Wear your shades when you’re next at Coal Banks Landing on the Missouri River.
If you don’t, you might be blinded by the fresh paint in the bathrooms, and the shiny new coats of linseed oil on the wooden posts. Or dazzled by the fresh gravel on the paths and the tidied-up windbreak.
Doing the buffing and polishing of the popular launch point on the river were 10 volunteers with the Friends of the Missouri Breaks Monument, the non-profit organization that supports the Upper Missouri River Breaks National Monument.
Friends volunteer Len Kopec applies protective linseed oil to the posts at Coal Banks. (Photo BLM.)
With all of the good organization and large amounts of work getting done, the casual observer would never know that this Coal Banks event was actually the group’s backup plan. The Friends were initially scheduled for their annual cleanup of the 49-mile White Cliffs section of the river, to prepare it for boating season. BLM was to pilot the fleet of jet boats; the Friends would serve lunch.
But as is often the case in central Montana, the wind had other ideas.
BLM ranger Brian Woolf (right) and Friends volunteers shovel new gravel off the truck and onto the paths at Coal Banks. (Photo Friends.)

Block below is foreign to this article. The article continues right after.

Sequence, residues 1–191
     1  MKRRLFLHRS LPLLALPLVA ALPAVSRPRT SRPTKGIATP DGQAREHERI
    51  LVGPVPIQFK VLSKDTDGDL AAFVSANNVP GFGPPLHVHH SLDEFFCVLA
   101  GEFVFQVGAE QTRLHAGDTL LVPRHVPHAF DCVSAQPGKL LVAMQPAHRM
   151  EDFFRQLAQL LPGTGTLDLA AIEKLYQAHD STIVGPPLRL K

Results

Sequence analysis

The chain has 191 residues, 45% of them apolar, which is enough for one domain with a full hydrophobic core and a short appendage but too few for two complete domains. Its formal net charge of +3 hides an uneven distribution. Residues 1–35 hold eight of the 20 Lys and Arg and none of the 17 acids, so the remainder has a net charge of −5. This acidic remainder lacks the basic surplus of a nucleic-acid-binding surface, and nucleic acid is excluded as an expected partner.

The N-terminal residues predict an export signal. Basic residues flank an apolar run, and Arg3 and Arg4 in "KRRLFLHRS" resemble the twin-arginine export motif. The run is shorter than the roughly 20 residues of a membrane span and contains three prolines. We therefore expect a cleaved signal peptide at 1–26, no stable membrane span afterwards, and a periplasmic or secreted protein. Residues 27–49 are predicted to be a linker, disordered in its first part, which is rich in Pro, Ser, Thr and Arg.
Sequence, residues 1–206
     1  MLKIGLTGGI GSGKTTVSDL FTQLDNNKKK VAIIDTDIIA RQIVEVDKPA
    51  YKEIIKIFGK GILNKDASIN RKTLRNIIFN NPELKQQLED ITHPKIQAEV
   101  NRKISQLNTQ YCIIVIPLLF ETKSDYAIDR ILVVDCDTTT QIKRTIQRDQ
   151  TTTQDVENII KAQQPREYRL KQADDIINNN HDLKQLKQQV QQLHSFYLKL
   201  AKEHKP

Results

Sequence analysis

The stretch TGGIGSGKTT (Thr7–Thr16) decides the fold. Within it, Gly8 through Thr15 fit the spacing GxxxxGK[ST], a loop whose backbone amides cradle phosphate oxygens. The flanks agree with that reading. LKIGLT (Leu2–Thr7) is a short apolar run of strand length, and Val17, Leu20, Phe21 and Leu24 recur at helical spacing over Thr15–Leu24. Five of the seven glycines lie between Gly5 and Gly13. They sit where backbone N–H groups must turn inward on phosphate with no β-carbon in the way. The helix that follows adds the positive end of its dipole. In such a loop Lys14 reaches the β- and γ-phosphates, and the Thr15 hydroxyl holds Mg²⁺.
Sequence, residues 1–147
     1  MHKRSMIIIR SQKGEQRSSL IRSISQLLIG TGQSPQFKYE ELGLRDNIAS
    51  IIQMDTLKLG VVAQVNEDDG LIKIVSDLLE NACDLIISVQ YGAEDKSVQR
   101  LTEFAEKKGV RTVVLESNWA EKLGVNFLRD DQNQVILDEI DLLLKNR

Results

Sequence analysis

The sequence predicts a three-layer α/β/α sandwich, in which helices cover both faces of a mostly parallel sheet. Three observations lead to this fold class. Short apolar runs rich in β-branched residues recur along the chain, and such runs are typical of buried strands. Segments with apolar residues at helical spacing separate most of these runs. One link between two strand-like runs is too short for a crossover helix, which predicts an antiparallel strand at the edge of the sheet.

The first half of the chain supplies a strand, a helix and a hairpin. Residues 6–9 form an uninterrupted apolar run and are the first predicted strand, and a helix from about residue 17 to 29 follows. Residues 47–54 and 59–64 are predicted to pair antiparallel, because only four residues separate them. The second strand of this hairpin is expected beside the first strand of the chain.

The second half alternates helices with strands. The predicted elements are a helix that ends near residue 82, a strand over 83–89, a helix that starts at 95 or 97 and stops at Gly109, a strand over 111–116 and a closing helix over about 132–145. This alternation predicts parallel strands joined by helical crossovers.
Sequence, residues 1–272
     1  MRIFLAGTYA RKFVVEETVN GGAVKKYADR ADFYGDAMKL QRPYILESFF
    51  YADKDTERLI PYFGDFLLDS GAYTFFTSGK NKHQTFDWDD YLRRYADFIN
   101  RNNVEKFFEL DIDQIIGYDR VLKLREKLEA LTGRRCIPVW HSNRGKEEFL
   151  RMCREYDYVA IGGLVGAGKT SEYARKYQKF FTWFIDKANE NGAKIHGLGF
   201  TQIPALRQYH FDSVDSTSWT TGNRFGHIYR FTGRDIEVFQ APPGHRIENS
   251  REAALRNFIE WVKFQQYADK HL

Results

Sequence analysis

So instead of putting the Friends volunteers on the river to face three-foot swells, BLM lead ranger Brian Woolf and Friends volunteer coordinator Nikki Lister nimbly swapped the Coal Banks cleanup – slated for June – onto the schedule. And voila! Instead of boats, coolers and sunscreen, the volunteers were greeted with rakes, wheelbarrows, paint and linseed oil. And loaner Leathermans for removing old ground cloth from the Coal Banks windbreak. “Just try to remember which end is the sharp one,” deadpanned one ranger as he handed a volunteer his Leatherman.
Just a few short hours later, the 10 volunteers had painted the bathrooms, graveled the paths, coated the wooden posts with protective linseed oil, and pulled out a good amount of old ground cloth from the windbreak. And they got that lunch.
Friends volunteers spreading gravel on the paths at Coal Banks. (Photo Friends.)
“It may not have been the day on the river we’d all been looking forward to, but we were happy we were able to put Plan B into play and not turn away our valuable group of volunteers,” said Friends executive director Beth Kampschror. “And we rescheduled our river cleanup for next month, so we’re looking forward to working with BLM then too – if the wind lets us this time.”
Friends volunteers and BLM staff in front of the freshly graveled paths at Coal Banks. Thank you to everyone who turned out! Coal Banks looks great thanks to your dedication. (Photo Friends.)
The Friends of the Missouri Breaks is a 501(c)(3) organization that protects and preserves the Upper Missouri River Breaks National Monument by educating the public, advocating for responsible access and environmentally responsible uses, and supporting groups and agencies that protect and restore the Monument. We’re on the web at missouribreaks.org, as well as at facebook.com/friendsofthemissouribreaks.